There are others who may have moved here when older, but have lived here longer than wherever it is they originally came from. Myself, I fall into a 'gray area' regarding that, I suppose. I left the St. Louis area physically at the age of 18, but the Army needed a 'home of record' until I was discharged, so technically speaking, I was still a Missouri resident until I was 23. As far as physical location, however, I've actually been in Colorado longer than I have Missouri.

So not so much, "Do you consider them natives at a certain point" as "Do you stop considering them transplants at a certain point"? Do you have a term in your head for such people?
Well, I have lived in Colorado since age 4 with a brief break when my Dad was stationed in Germany for a couple of years and I consider myself to be a Colorado native. My memories of my place of birth - Kentucky - come mostly from memories of summers spent with my grandparents.

I think being a transplant is a state of mind. Once you stop asking stuff like "Is it always this brown?" or posting things like "I have a budget of $100.00/month and have dedicated my life to living in Aspen. Please, no "mean" replies!" then I'd say that the "transplant" was finally starting to grow roots.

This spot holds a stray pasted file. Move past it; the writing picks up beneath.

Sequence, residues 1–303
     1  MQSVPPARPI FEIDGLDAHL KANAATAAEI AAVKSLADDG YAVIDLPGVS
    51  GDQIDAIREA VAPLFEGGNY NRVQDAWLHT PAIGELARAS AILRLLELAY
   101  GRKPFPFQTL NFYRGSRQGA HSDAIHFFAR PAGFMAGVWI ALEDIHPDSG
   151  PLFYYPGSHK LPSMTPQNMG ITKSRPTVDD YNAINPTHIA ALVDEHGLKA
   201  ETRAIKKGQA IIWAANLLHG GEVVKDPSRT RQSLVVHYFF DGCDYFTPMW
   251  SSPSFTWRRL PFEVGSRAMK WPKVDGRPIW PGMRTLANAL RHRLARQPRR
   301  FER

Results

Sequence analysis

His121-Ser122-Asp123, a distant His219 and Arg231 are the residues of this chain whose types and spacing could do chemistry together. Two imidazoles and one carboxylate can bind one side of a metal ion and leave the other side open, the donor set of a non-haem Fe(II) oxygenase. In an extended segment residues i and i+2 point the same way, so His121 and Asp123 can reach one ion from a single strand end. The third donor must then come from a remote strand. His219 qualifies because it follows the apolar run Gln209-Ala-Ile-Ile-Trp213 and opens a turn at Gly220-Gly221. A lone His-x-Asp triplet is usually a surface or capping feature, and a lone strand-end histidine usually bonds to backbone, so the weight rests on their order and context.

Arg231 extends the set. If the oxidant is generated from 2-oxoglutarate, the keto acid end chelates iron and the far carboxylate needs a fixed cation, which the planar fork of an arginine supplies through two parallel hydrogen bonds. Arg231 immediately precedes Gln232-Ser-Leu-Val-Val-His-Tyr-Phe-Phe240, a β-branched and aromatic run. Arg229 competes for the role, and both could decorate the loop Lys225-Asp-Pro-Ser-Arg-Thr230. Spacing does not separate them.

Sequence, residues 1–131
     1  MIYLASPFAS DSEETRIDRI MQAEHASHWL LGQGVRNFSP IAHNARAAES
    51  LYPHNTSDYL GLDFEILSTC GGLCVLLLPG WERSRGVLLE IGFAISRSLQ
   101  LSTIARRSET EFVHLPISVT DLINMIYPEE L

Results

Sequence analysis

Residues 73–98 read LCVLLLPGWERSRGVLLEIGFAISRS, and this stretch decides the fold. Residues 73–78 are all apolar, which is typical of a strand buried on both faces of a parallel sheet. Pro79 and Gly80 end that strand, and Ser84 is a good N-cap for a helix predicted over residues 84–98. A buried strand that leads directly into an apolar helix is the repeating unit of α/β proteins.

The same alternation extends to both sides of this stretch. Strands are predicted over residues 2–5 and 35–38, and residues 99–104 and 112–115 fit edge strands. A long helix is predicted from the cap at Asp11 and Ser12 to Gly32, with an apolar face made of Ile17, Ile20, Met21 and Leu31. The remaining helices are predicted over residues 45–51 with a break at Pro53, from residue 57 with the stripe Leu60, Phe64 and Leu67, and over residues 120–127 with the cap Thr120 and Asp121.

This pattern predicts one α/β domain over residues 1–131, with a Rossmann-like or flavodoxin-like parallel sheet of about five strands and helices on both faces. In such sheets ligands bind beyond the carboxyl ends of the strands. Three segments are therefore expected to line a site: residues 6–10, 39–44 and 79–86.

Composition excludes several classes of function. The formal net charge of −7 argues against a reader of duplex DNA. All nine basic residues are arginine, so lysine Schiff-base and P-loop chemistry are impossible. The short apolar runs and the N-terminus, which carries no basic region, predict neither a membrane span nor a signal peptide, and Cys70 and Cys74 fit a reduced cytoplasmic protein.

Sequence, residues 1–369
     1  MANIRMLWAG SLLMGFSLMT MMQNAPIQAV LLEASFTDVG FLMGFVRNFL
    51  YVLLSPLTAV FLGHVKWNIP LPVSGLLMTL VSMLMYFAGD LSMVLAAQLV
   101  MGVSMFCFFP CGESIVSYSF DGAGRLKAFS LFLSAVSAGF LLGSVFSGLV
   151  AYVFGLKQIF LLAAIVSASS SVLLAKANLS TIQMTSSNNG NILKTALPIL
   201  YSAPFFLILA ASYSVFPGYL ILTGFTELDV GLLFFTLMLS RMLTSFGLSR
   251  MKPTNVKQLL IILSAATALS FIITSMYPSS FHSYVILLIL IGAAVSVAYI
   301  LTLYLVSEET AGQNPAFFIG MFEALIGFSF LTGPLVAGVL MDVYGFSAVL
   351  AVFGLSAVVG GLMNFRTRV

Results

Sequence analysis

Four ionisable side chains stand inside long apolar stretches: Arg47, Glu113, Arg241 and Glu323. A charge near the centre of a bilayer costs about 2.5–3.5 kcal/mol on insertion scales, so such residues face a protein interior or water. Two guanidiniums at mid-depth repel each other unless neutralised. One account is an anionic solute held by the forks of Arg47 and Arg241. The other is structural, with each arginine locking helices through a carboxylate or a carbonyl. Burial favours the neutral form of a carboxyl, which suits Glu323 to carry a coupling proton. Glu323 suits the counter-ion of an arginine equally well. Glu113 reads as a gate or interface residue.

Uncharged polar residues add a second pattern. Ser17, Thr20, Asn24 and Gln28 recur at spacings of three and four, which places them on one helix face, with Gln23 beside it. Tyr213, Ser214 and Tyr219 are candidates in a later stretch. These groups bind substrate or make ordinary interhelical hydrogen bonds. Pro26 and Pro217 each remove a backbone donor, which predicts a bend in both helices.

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Old 10-18-2017, 07:14 PM
 
641 posts, read 384,518 times
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I don't really think of husband as a transplant, because he came here as a young child... I guess he is, but I'd say 20 years or so for anyone who's an adult or basically one.

I don't quite like the term native as we use it.
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Old 10-18-2017, 11:55 PM
 
Location: We_tside PNW (Columbia Gorge) / CO / SA TX / Thailand
22,403 posts, read 39,732,014 times
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Quote:
Originally Posted by abcdefg567 View Post
...
I don't quite like the term native as we use it.
You are glad to NOT be a Colo native if you go to Wyoming (going as a 'non-greenie' is safer) and MUCH more welcoming!

You can always nab some WY license plates at your first stop!

(ezr in the dark, and BE CAREFUL (hand carry))
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Old 10-19-2017, 03:59 AM
 
Location: Colorado Springs
4,798 posts, read 4,901,271 times
Reputation: 17166
I don't think it matters, but now that I've lived here 40 years and I'm not yet 80 years old, I've spent the majority of my life in Colorado. Call me a native.